A few reports from Concerned Health Professional of New York. For the long read please go to their website and download the latest compendium where they provide weblinks to all the original texts from which the condensed paragraphs have been derived.
August 1, 2015 – “Clinicians should be aware of the potential impact of fracking when evaluating their patients,” concluded a team writing on behalf of the Occupational and Environmental Health Network of the American College of Chest Physicians. Their article stated that the over 200,000 U.S. workers employed by well-servicing companies “… are exposed to silica, diesel exhaust, and VOCs, and, at some sites, hydrogen sulfide and radon, raising concerns about occupational lung diseases, including silicosis, asthma,
and lung cancer.” The authors went on to say, “in addition to occupational exposures, workers and nearby residents are also exposed to air pollutants emitted from various stages of fracking, including nitrogen oxides (NOx), VOCs, ozone, hazardous air pollutants, methane, and fine particulate matter.” Authors pointed to several recent reversals in progress on air quality owed to fracking-related activity, including significant emissions of nitrogen oxides, a precursor of ozone, and spikes in fine particulate matter in fracking-intensive areas of Pennsylvania.
July 1, 2015 – In accordance with California Senate Bill No. 4, the California Division of Oil, Gas, and Geothermal Resources released a three-volume environmental impact report on oil and gas well stimulation treatments in the state (which, in California, include fracking along with acidizing and other unconventional extraction technologies that break up oil- or gas-containing rock). The Division determined that fracking and related operations can have “significant and unavoidable” impacts on air quality, including increasing ozone and other federally regulated pollutants to levels that violate air quality standards or that would make those violations worse.
October 21, 2014 – Using a mobile laboratory designed by the National Oceanic and Atmospheric Administration (NOAA), a research team from the University of Colorado at Boulder, the NOAA Earth System Research Laboratory, and the Karlsruhe Institute of Technology looked at air pollution from drilling and fracking operations in Utah’s Uintah Basin. The researchers found that drilling and fracking emit prodigious amounts of volatile organic air pollutants, including benzene, toluene, and methane, all of which are precursors for ground-level ozone (smog). Multiple pieces of equipment on and off the well pad, including condensate tanks, compressors, dehydrators, and pumps, served as the sources of these emissions. This research shows that drilling and fracking activities are the cause of the extraordinarily high levels of winter smog in the remote Uintah basin—which regularly exceed air quality standards and rival that of downtown Los Angeles.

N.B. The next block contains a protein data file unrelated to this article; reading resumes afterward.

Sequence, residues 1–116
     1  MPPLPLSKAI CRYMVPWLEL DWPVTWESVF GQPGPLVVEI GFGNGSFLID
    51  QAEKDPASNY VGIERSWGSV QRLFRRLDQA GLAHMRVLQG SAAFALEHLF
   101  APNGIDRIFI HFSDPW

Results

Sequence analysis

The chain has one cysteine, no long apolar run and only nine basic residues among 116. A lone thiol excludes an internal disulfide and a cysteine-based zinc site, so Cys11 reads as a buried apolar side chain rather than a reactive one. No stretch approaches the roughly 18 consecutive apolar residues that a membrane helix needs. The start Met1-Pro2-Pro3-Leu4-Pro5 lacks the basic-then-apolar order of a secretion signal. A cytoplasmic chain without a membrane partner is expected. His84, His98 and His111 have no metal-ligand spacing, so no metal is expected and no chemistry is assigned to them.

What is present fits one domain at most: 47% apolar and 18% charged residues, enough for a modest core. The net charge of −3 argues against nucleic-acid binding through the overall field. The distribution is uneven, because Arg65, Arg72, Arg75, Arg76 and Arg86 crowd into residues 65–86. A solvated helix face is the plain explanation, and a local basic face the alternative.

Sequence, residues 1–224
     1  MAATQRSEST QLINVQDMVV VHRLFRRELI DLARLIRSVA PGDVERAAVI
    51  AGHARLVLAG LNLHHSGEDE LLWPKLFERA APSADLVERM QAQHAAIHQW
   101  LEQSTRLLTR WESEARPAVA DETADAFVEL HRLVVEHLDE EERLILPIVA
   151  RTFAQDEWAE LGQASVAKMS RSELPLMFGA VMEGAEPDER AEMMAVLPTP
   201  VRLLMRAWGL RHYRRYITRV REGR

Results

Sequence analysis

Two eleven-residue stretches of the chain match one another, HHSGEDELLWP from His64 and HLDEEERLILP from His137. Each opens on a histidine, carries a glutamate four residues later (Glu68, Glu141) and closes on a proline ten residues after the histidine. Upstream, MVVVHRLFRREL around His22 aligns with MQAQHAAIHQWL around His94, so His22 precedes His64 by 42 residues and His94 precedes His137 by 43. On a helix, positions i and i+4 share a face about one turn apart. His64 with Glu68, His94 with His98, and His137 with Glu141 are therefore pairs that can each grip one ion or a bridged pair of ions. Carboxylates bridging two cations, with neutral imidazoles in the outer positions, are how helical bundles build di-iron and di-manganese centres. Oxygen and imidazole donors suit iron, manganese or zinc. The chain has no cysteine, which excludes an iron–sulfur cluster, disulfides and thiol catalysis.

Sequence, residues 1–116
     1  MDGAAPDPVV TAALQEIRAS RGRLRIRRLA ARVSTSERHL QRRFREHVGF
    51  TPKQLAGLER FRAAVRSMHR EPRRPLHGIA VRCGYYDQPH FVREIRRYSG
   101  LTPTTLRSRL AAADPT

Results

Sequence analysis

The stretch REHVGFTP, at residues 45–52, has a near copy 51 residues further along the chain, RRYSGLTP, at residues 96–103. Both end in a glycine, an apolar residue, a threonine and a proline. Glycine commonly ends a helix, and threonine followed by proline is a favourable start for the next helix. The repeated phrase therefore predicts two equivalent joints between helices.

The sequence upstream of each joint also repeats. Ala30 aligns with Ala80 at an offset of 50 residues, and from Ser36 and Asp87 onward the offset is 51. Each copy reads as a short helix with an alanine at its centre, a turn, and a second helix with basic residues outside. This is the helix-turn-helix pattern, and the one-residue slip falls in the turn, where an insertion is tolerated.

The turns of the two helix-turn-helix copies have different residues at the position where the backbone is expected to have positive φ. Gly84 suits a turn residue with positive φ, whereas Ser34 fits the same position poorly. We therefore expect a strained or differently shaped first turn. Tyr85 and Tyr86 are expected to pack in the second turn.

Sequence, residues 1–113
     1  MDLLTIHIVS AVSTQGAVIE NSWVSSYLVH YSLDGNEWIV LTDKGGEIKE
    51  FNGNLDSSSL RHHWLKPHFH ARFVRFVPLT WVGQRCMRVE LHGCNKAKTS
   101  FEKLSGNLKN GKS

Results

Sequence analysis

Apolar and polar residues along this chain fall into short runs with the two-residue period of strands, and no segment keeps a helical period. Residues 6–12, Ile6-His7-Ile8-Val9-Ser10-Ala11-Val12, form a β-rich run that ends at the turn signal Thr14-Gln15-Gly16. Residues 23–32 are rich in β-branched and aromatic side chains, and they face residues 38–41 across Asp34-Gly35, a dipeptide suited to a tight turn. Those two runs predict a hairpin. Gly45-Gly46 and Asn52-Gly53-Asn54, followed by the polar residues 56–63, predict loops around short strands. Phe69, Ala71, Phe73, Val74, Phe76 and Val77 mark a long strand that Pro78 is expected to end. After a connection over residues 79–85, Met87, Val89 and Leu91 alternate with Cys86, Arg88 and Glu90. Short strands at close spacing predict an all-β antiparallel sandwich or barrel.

October 1, 2014 – In a major paper published in Nature, an international team led by the National Oceanic and Atmospheric Administration demonstrated that exceptionally high emissions of VOCs explain how drilling and fracking operations in Utah’s Uintah Basin create extreme wintertime ozone events even in the absence of abundant ultraviolet light and water vapor, which are typically required to produce ground-level ozone (smog). Current air pollution trends in the United States are toward lower nitrogen oxides from urban sources and power generation, but increasing methane and VOCs from oil and gas extraction activities threaten to reverse decades of progress in attaining cleaner air. According to the study, the consequences for public health are ‘as yet unrecognised.’
September 6, 2014 – As part of a comparative lifecycle analysis, a British team from the University of Manchester found that shale gas extracted via fracking in the United Kingdom would generate more smog than any other energy source evaluated (coal, conventional and liquefied gas, nuclear, wind, and solar). Leakage of vaporous organic compounds during the necessary removal of hydrogen sulfide gas, along with the venting of gas both during drilling and during the process of making the well ready for production, were major contributors. “In comparison to other technologies, shale gas has high [photochemical smog]. In the central case, it is worse than solar PV, offshore wind and nuclear power by factors of 3, 26 and 45, respectively. Even in the best case, wind and nuclear power are still preferable (by factors of 3.3 and 5.6 respectively).”
April 26, 2014 – A Texas jury awarded a family $2.8 million because, according to the lawsuit, a fracking company operating on property nearby had “created a ‘private nuisance’ by producing harmful air pollution and exposing [members of the affected family] to harmful emissions of volatile organic compounds, toxic air pollutants and diesel exhaust.” The family’s 11-year-old daughter became ill, and family members suffered a range of symptoms, including “nosebleeds, vision problems, nausea, rashes, blood pressure issues.”98 Because drilling did not occur on their property, the family had initially been unaware that their symptoms were caused by activities around them.